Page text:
The 10 best Madonna dance tracks

MadonnaMadonna was for decades a leader in dance music, often bringing underground sounds into the mainstream with her blend of dance and pop. To stay relevant for that long is no small feat. She shares regional roots with house music that developed during the 1980s in Detroit and became the predominant form of club music, but she preferred a more pop song approach with true verses and choruses. Her first album was rooted in dance music—and gained traction through DJs at dance clubs. She stayed true to those roots, even while accumulating a string of hits that were ballads, pop, and genres other than dance. I’ve compiled a list of the 10 best dance tracks by Madonna spanning three decades.

Holiday (Madonna, 1983)—One of the few songs not co-written written by Madonna (writers Curtis Hudson and Lisa Stevens), it was the third single from her debut album that launched her career. The lyrics celebrate brotherhood. Disco/funk and 80s techno-bass cross-fertilize the arrangement to produce a satisfying link between genres.

Into the Groove (Like a Virgin, 1985)—Two years later, Madonna shed her disco roots for an infectious arrangement that is pure 80s (heavy snare reverb, synth bass). The lyrics playfully use dancing as a metaphor for budding romance. The song also featured in the movie “Desperately Seeking Susan.”

Vogue (I’m Breathless soundtrack, 1990)—Arguably the best dance song ever written (Slant magazine listed “Vogue” number three on their list of the 100 greatest dance songs). The music celebrates a dance style from New York’s underground gay drag scene. The lyrics celebrate dancing as a form of self-expression and escape, but with more sophistication and style than the typical “get up on the dance floor” lyrics. Complex harmonies mix major and minor, and an effective spoken word breakdown recites classic Hollywood icons of style.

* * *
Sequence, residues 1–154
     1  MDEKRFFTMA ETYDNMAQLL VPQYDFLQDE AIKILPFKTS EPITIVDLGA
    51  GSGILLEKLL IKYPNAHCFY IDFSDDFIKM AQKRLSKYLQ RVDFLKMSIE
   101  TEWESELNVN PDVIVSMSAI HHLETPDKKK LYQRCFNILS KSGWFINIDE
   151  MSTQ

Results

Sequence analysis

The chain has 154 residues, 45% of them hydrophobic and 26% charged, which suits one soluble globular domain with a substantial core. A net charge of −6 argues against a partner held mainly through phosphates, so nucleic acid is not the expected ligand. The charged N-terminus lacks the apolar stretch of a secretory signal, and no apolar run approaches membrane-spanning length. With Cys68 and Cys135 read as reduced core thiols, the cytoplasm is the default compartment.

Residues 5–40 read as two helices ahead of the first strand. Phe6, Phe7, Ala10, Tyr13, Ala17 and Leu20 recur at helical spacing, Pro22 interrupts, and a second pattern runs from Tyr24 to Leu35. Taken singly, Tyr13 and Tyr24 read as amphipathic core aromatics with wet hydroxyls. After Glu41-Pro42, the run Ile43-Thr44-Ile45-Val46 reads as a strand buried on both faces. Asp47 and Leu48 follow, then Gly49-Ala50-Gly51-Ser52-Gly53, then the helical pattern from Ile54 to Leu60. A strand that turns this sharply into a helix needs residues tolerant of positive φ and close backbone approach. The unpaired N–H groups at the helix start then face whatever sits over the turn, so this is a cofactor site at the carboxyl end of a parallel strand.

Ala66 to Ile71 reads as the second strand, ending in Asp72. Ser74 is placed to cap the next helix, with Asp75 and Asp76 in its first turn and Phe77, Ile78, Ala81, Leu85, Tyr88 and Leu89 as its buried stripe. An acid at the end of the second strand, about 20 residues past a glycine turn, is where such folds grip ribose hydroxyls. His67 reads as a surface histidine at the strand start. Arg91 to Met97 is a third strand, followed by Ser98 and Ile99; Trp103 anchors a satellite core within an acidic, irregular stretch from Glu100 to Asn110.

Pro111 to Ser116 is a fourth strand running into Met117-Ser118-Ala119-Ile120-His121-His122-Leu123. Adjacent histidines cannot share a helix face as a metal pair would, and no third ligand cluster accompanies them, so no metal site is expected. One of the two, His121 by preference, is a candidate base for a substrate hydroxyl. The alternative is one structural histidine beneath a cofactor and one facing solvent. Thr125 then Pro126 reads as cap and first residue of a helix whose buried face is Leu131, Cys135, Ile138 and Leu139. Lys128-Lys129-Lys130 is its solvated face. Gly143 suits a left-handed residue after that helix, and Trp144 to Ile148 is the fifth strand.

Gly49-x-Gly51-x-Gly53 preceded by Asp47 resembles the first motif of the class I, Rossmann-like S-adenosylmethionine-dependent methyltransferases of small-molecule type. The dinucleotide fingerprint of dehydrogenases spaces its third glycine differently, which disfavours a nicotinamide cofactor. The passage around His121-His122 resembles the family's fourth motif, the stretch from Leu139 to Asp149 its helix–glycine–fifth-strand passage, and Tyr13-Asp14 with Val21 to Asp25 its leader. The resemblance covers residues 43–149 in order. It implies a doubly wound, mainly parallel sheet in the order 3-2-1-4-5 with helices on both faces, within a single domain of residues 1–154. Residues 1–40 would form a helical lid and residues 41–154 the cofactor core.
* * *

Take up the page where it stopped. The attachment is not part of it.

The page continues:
Erotica (Erotica, 1992)—Complex, dissonant accompaniment with a vaguely ominous, sensuous groove lift this song out of the orindary. A perfect evocation of eroticism.

Bedtime Story (Bedtime Stories, 1994)—Written by Bjork, Hooper, and Marius De Vries, this offbeat trance track at first just sounds strange. But it grows on repeated listens. The quirky melodic phrases and arrangement reinforce the lyrics, striving to go beyond words into the realm of the unconscious.

Ray of Light (Ray of Light, 1998)—On this album Madonna collaborated with William Orbit. An interesting alternation between major and minor suffuses the arrangement, with spacey sci-fi sounds.

Music (Music, 2000)—Celebrates the power of music as a vehicle to bring people together. Vocoder chants and analog synths round out the electro-pop arrangement.

Get Together (Confessions on a Dance Floor, 2005)—Apparently inspired by the 1998 dance hit “Music Sounds Better with You” by Stardust. The lyrics quote a melodic snippet from the 1980 disco hit “Take Your Time (Do It Right)” by the SOS Band. Cross-rhythms periodically weave through the song, creating a rhythmically rich effect.

Jump (Confessions on a Dance Floor, 2005)—I love the way the verse builds emotionally, moving into the climactic chorus. Deceptively simple, but the effect is powerful.

Candy Shop (Hard Candy, 2008)—Co-written with Pharrell Williams and filled with playful double entendres with candy as a metaphor for sex. The song blends elements of hip-hop and R&B, eschewing the usual EDM tropes.

Honorable Mentions

  • Burning Up
  • Dress You Up
  • 4 Minutes
  • Frozen
  • Human Nature
  • I Love New York
  • I’m Addicted
  • Lucky Star
  • Skin
  • Sky Fits Heaven
  • Thief of Hearts
  • Words

You can listen to all of the tracks mentioned in this post on my Spotify playlist Madonna’s Best Dance Tracks.

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